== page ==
How To Make Blue Cheese


Attention, moldy cheese lovers — this recipe is for you! “Moldy” isn’t usually a quality we look for in our food; but when it comes to blue cheese, the mold cultures contribute largely to its unique texture and bold flavor.

The following is an excerpt from Mastering Artisan Cheesemaking by Gianaclis Caldwell. It has been adapted for the web.

(All photographs courtesy of Gianaclis Caldwell unless otherwise noted.)


RECIPE: Rindless Blue Cheese

Roquefort is arguably the most famous blue cheese in the world and I would say easily the most well-known sheep’s milk cheese.

I can still remember my parents teaching my sister and me that the “Roquefort” salad dressing served to us on our iceberg lettuce salads at the local restaurant should actually be called “blue cheese” dressing, because Roquefort was a specific type of French blue cheese, which our salad dressing was definitely not.

Pretty hip for country folks, weren’t we? Roquefort, which has been an AOC cheese since 1925, is made exclusively from the raw milk of Lacaune sheep.

Danablu (also called Danish Blue) was purposefully modeled after Roquefort but is milder and made from cow’s milk, as is another French cheese called Bleu des Causses. Beenleigh Blue is an English rindless blue made from raw, organic sheep’s milk that Max McCalman notes as similar and worth tasting. (My list of “must tries” continues to grow!)

Rindless Blue Cheese

Flora nelle, one of the blue cheeses from the historic rogue creamery, Oregon.

Ingredients

  • Milk: 4 gal (15 L/34 lb) high-fat milk (about 6% butterfat is ideal)
  • Culture: 1⁄4 tsp (0.6 g) MM 100 (or equivalent blend) and 3 to 4 skewer tips P. roqueforti rehydrated in 1⁄4 cup (60 ml) room-temperature milk
  • Lipase (optional): 1⁄8 tsp (0.7 g) lamb lipase (or other lipase). Lipase will help duplicate original Roquefort, which is made with rennet paste (contains lipase).
  • Calcium chloride (optional): maximum 1 tsp (5 ml) calcium chloride diluted in 1⁄4 cup (60 ml) cool, non- chlorinated water
  • Rennet: 3⁄8 tsp (1.6 ml) single-strength rennet diluted just before use in 1⁄4 cup (60 ml) cool, nonchlorinated water
  • Salt: 3 tbsp (45 g) pure salt

Steps

Prepare Equipment: Make sure all equipment is cleaned and sanitized and that your cheesemaking space is free from possible contaminants. Refer to chapter 6 for tips on proper equipment preparation.
Prepare Milk: Warm milk to 89 to 90°F (32°C).
Culture: Sprinkle cultures on top of milk. Let set for 2 to 5 minutes, then stir gently for 3 to 5 minutes.
Ripen: Maintain temperature at 89 to 90°F (32°C), and hold it there for 30 to 35 minutes.
Additions: Stir in lipase solution, then stir in calcium chloride solution. Wait 5 minutes.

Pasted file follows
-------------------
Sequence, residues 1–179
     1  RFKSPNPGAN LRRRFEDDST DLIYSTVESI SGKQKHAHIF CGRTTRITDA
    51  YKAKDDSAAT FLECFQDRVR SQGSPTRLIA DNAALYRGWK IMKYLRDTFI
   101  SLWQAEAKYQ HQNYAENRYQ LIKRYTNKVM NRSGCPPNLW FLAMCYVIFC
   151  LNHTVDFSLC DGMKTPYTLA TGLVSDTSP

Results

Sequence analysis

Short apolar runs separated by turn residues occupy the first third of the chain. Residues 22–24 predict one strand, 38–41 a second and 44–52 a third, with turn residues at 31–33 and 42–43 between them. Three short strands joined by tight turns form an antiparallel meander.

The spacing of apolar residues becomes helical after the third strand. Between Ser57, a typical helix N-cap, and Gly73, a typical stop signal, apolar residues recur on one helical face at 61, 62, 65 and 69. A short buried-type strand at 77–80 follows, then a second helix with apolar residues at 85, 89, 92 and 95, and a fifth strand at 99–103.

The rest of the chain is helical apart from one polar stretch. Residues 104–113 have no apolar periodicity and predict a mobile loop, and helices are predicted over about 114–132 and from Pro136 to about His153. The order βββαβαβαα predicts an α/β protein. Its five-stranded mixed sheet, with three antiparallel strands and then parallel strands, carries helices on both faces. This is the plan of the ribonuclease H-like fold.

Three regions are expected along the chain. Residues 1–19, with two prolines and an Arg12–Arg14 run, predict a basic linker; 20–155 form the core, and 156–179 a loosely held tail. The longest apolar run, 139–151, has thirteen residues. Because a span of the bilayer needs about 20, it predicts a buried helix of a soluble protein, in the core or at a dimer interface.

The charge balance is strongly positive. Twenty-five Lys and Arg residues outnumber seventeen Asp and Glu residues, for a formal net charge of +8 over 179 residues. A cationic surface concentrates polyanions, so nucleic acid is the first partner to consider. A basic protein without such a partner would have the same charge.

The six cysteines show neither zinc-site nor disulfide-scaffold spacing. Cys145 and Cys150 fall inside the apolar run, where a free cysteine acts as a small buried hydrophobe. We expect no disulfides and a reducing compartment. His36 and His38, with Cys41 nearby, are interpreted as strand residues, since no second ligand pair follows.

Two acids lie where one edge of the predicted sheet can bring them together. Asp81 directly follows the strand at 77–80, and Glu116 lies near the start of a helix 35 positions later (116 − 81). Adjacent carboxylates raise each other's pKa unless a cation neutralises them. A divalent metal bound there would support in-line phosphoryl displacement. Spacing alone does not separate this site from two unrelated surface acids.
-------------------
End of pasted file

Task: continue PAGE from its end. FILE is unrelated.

Coagulate: Stir in rennet solution with an up-and- down motion for 1 minute. Still the milk. Hold temperature at 89 to 90°F (32°C) until clean break is achieved. The goal coagulation time is 2 hours.
Cut: Cut curd mass into 3⁄8- to 1-inch (1–3-cm) cubes. Rest for 5 minutes.
Stir: Stir curd gently two to five times over the next 40 to 60 minutes. Maintain at 89 to 90°F (32°C). Let curds settle.
Tips: During stirring the goal is to keep the curds from matting and allow them to develop acid and shrink a bit. By the end of the stirring phase, curds will be soft and high in moisture content, but they should be even in texture.
Drain: Drain whey to level of curds. Place curds in a cloth-lined colander, and sprinkle with 1 teaspoon (5 ml) salt. Mix gently. Ladle or sprinkle curd into tall, cloth-lined forms. Set follower gently on top of curd with no pressure or weight applied. Drain at room temperature of 68 to 73°F (20–23°C) for 2 to 3 days until curd pH is at 4.8. Turn daily.
Tips: If you are using a vat from which the whey can be fully drained, the curds can be drained and salted in the vat, then placed in forms. Forms should have at least an equal diameter-to-height ratio but can be a bit taller than the diameter.

Dry Salting blue cheese

Cheese being dry salted.

Salt: Unmold onto a draining rack. Rub each side of wheel with salt daily for 2 days. Room temperature should start at about 72°F (22°C) and decrease to 68°F (20°C) by the end of this period.
Affinage: Move to aging room at 50 to 55°F (10–13°C) and 90 percent RH. Turn daily. After 8 to 10 days, pierce vertically using a sanitized 3.5 millimeter knit- ting needle or similar-size meat skewer. Pierce three to four holes per square inch (6.5 sq cm). Pierce again after 2 more weeks of aging. Continue to age at 50 to 55°F and 90 percent RH. When adequate blue growth has occurred (check by doing a core sample), the cheese can be wrapped in foil or waxed and moved to a colder environment at about 37°F (3°C) and aged for several months.

Large Batch Guidelines

  • Milk: 12 gal (46 L/100 lb) milk
  • Culture: 2–4U MM 100 (or equivalent blend) and 1⁄4 dose P. roqueforti
  • Calcium chloride (optional): 10–15 ml (about 1 tbsp)
  • Lipase (optional): 1⁄4–1⁄2 tsp (1.4–2.8 g)
  • Rennet: 5–6 ml single-strength rennet (2.5–3 ml double strength)
  • Salt: Goal is 2.5–3% of weight of drained cheese

Recommended Reads

Easy Cheeses to Make at Home

Say Cheese! A Simple & Fast Ricotta Cheese Recipe

 



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